A dead dolphin on a doormat and windows smashed with sledgehammers. Weapons stored in cemetery chapels. Bribes to judges for acquittals and bogus medical certificates letting convicted killers dodge prison.
These are the stories recounted since January by dozens of ’Ndrangheta members turned state witnesses in Italy’s largest mafia trial in three decades, covering everything from intimidation to vote-buying and drug trafficking to murder.
“They waited for them in Piazza Morelli, invited them to eat ricotta at the farm ... and then they killed, burned and melted them,” testified one criminal-turned-witness, Andrea Mantella, describing a 1988 revenge killing of two brothers.
The ’Ndrangheta, Italy’s most powerful organized crime syndicate, is in the crosshairs of the “maxi-trial” against 355 defendants held in the poor southern region of Calabria, the group’s home turf. Having expanded well beyond its rural roots, the ’Ndrangheta now dominates Europe’s cocaine trade and has infiltrated many areas of the legal economy throughout Italy, and even abroad.
It is helped by close contacts with politicians and business figures, and its stranglehold over the local population in Calabria.
Testimony that wrapped up this month from an unprecedented 58 mafia informants — connected to court by video link — exposed the brutality of the ’Ndrangheta and the insidious influence of the group at all levels of society.
The trial focuses on one Calabria province, Vibo Valentia, whose family clans are dominated by Luigi “The Supreme” Mancuso, 67, himself on trial after serving a 19-year sentence for drug and mafia crimes until 2012.
“Without the consent of Luigi Mancuso you can’t open any business,” his nephew, Emanuele Mancuso, testified in March.
With nicknames like “Lamb Thigh,” “Sweetie,” “Wolf” and “The Wringer,” the defendants — many of whom are related — are alleged bosses and operatives, as well as their white-collar enablers.
They are accused of procuring weapons, gathering votes or delivering messages. Others allegedly collected and distributed cash to prisoners, acted as accountants or managed relations with mafia in other regions. Others determined extortion targets and planned ambushes.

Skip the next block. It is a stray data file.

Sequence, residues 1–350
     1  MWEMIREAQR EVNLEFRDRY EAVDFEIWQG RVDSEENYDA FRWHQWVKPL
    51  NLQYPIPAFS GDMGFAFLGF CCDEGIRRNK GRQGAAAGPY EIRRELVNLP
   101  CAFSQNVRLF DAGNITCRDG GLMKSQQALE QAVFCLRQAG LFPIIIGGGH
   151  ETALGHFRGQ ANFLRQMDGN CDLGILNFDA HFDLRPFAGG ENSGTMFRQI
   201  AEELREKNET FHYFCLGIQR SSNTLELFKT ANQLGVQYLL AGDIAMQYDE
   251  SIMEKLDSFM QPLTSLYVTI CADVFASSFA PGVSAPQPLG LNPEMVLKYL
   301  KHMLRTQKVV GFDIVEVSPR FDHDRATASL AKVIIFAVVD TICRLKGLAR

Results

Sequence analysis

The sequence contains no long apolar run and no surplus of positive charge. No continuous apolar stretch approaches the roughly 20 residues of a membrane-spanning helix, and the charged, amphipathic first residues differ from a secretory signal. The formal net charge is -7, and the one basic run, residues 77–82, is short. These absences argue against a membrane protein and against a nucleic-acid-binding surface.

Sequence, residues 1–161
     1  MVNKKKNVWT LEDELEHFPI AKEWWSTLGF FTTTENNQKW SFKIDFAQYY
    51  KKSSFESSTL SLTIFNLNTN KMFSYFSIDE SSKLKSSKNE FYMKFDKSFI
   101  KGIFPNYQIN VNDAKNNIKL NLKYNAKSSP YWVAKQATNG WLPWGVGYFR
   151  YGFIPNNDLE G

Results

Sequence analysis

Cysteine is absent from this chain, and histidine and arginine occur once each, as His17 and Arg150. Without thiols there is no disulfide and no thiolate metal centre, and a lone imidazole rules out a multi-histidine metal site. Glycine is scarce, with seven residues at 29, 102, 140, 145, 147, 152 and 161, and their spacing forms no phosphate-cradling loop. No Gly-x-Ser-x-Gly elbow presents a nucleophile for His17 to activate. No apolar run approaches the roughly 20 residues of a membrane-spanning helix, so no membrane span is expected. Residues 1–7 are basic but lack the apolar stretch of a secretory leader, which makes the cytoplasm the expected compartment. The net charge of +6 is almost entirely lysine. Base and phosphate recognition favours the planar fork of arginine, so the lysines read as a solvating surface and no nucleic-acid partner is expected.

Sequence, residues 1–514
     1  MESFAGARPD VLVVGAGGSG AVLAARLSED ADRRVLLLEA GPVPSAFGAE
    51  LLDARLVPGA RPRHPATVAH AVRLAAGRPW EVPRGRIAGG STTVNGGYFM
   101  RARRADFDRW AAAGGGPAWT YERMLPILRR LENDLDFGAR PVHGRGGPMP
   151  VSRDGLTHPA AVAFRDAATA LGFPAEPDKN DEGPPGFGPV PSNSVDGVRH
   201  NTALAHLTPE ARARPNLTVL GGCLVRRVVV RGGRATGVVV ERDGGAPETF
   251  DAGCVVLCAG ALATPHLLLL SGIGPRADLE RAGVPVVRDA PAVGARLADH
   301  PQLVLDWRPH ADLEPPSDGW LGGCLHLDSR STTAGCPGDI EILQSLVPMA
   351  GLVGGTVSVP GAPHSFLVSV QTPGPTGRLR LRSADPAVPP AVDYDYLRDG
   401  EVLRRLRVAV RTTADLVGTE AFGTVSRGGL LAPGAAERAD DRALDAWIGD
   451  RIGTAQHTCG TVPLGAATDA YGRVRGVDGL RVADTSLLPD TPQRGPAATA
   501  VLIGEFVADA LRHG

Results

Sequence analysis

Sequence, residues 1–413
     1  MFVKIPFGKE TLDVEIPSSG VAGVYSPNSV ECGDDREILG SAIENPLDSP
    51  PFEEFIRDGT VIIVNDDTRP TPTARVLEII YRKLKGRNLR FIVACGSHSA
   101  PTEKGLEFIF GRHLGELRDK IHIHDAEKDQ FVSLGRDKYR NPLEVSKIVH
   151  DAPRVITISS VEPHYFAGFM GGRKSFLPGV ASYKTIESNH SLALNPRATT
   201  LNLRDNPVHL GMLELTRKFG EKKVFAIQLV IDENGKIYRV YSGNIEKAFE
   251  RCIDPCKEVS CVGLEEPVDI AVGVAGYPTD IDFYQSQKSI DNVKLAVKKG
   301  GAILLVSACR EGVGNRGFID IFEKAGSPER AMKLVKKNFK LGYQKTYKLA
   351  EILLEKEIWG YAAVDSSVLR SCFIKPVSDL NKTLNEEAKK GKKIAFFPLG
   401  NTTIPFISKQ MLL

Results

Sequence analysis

The extent of the ’Ndrangheta’s reach in the local economy has made it nearly impossible to eradicate. The court has heard of ambulances moving drugs, water supplies diverted to marijuana crops and drowned migrants buried without coffins after rigged public tenders.
Informant Mantella, a high-ranking member who confessed to numerous murders, said 70,000 euros (US$79,240) were paid to release him from prison to a medical clinic where “I did what I wanted,” underscoring the ’Ndrangheta’s financial clout.
Mantella and another state witness also testified that the ’Ndrangheta paid 50,000 euros to former Italian senator and lawyer Giancarlo Pittelli, who protests his innocence, for trial fixing.
The defendants also include police, court workers, mayors and other officials — some allegedly meeting mafia in illegal Masonic lodges.
Calabrian journalist Consolato Minniti said that the maxi-trial is the first to go “above and beyond the ‘military’ side of the ’Ndrangheta... Until today, judges have generally targeted those who shoot,” he said.
Cozy ties are nothing new. In the past 30 years, 110 city councils in Calabria have been dissolved over mafia infiltration — some three times, including Lamezia Terme where the trial is being held.
The Mancuso family’s home town, Limbadi, was the first. Its administration was dissolved by Italy’s president in 1983 after a fugitive boss, Francesco “Ciccio” Mancuso, was elected mayor in absentia.
Allegations in the 351-page indictment show how the ’Ndrangheta stops at nothing to pursue its aims.
Various tactics are used to coerce protection money, force owners to sell below market value, get businesses to switch to mafia suppliers or chase loans with extortionate interest, sometimes above 200 percent.
Dead puppies, dolphins and goat heads have been dumped on the doorsteps of resisters, threatening telephone calls made, beatings meted out, vehicles torched, Molotov cocktails thrown and shots fired.
Suspects in five murders, including a ’Ndrangheta member killed in 2002 because of his homosexuality, are in the dock in the maxi-trial.
The gay victim was buried and later covered by tarmac, Mantella said.
There were 1,320 mafia-related murders in Calabria from 1983 to 2018, the authorities say.
In a May 2017 episode captured on wiretap and included in the indictment, a ’Ndrangheta member called the brother of a woman who lost 7,000 euros of marijuana after a police seizure.
“Let’s try to get this money back or [you’ll] find your sister in a cement pillar, because these people don’t joke around,” the caller said.
The trial continues.
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